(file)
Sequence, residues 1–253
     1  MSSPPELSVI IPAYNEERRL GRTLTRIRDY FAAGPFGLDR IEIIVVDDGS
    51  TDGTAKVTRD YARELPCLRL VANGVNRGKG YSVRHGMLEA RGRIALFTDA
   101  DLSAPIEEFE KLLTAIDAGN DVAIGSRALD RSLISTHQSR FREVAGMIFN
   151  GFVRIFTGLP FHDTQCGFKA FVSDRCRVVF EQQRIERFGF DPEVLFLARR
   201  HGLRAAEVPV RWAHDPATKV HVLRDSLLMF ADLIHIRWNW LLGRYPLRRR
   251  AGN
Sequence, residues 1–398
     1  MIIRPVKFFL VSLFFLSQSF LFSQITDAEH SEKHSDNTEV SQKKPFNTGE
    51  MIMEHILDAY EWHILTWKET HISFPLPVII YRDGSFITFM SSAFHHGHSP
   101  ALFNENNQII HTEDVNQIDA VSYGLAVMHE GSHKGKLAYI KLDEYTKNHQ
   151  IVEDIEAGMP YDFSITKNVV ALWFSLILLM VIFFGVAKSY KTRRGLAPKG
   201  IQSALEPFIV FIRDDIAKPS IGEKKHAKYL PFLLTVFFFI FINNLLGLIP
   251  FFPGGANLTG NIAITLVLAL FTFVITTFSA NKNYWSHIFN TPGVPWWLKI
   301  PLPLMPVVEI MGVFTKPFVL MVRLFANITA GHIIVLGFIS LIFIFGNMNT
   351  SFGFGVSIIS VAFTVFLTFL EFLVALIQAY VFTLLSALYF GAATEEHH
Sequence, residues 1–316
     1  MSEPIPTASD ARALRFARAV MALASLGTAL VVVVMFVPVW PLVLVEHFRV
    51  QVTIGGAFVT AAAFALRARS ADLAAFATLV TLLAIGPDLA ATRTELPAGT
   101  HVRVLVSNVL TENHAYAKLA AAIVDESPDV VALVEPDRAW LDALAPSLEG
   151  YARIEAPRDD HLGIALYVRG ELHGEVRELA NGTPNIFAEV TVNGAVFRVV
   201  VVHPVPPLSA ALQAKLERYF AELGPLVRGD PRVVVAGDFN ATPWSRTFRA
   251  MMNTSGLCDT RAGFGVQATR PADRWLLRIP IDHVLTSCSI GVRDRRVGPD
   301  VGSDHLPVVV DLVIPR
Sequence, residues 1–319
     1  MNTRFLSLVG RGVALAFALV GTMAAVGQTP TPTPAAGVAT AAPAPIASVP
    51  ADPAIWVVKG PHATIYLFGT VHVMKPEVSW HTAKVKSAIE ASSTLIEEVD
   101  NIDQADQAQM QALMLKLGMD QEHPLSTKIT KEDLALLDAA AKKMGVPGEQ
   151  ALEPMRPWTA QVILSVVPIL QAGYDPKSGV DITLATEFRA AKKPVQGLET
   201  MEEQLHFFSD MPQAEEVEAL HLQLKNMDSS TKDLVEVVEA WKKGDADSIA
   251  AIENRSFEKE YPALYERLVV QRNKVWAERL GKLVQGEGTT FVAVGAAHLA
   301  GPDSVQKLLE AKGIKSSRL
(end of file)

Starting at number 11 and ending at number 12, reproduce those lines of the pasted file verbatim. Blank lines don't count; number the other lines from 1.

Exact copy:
   101  ALFNENNQII HTEDVNQIDA VSYGLAVMHE GSHKGKLAYI KLDEYTKNHQ
   151  IVEDIEAGMP YDFSITKNVV ALWFSLILLM VIFFGVAKSY KTRRGLAPKG